The above examples illustrate that a variety of physical and nematic properties can be obtained by varying the length and shape of terminal substituents of 2-cyclohexyl substituted 1,3-dioxanes. To achieve extremely low Δn values (optical birefringence), it is preferred to employ alkyl terminal substituents. For greater thermal stability, it is preferred to employ alkoxy terminal substituents or two six membered saturated rings. Compounds of the invention having two six membered saturated rings exhibit higher optical birefringence than those with only one such ring and will be useful in raising clearing points of cyclohexyl-dioxane mixtures when included in small weight percentages.
While there has been described what is considered to be preferred embodiments of the invention, other embodiments or modifications will occur to those skilled in the art and it is desired to cover in the appended claims all such embodiments and modifications as fall within the true spirit and scope of the invention.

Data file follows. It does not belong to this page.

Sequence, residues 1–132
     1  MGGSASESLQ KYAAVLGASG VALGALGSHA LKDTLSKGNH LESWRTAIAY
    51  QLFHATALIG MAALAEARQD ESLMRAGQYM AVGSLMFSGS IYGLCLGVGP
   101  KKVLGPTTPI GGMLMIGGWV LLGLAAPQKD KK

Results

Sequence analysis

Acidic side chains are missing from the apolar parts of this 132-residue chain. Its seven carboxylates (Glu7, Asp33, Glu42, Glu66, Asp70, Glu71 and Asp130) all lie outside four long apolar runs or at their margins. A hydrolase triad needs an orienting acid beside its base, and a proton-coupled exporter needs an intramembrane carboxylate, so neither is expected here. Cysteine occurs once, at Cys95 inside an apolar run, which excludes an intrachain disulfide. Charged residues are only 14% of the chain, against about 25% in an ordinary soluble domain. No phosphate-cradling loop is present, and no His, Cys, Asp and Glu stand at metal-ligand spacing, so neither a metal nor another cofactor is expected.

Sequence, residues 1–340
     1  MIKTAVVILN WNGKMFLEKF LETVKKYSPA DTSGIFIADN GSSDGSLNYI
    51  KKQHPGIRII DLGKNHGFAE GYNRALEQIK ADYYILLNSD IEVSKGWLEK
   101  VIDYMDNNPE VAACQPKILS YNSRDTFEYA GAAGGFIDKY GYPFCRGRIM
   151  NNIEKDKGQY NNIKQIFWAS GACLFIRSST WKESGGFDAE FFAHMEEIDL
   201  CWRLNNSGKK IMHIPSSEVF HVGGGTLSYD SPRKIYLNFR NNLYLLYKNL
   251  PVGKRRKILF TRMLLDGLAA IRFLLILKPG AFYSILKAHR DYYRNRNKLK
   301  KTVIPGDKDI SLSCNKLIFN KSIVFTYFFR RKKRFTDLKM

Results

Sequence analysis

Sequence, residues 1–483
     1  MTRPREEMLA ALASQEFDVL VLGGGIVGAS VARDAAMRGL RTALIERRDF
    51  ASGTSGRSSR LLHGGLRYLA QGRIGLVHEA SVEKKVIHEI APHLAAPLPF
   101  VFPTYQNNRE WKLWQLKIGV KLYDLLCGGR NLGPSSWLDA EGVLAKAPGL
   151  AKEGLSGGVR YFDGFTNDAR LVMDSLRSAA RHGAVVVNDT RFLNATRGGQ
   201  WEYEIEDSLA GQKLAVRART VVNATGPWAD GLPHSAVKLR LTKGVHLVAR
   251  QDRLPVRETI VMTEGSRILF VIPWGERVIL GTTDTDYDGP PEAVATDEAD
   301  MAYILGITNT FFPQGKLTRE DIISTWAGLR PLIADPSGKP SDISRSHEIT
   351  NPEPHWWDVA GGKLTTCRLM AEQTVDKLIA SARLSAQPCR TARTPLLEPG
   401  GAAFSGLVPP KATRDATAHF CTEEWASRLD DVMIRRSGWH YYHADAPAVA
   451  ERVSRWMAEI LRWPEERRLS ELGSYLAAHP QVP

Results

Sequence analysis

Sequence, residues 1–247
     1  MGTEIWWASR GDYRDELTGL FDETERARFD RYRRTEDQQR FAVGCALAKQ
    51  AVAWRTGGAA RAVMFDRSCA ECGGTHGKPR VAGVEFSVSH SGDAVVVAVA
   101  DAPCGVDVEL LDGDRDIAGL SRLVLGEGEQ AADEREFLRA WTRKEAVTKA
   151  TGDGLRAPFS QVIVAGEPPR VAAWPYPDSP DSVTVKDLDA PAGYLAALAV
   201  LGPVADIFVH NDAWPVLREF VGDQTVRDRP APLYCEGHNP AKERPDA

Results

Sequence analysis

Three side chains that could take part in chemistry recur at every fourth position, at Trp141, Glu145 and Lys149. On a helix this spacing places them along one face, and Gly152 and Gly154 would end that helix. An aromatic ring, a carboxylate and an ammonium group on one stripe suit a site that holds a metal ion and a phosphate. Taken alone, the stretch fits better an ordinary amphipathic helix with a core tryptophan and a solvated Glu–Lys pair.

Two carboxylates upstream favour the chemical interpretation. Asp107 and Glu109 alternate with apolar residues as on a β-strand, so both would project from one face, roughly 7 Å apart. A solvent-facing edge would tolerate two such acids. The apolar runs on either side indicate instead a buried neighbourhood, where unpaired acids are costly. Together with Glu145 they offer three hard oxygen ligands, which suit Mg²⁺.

|Cited Patent||Filing date||Publication date||Applicant||Title|
|US3947375 *||Nov 6, 1973||Mar 30, 1976||Secretary Of State For Defence In Her Britannic Majesty's Govt. Of U.K. Of Gt. Britain And Northern Ireland||Liquid crystal materials and devices|
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|US4130502 *||Aug 10, 1977||Dec 19, 1978||Merck Patent Gesellschaft Mit||Liquid crystalline cyclohexane derivatives|
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|US4200580 *||Mar 5, 1979||Apr 29, 1980||Timex Corporation||Dioxanylphenyl benzoate liquid crystal compounds|
|US4298528 *||Mar 28, 1980||Nov 3, 1981||Timex Corporation||Cyclohexyl-dioxane liquid crystalline compounds|
|US4313878 *||Dec 3, 1980||Feb 2, 1982||Timex Corporation||4-Substituted phenyl 4'-(5-n-alkyl-1,3-dioxan-2-yl)benzoates|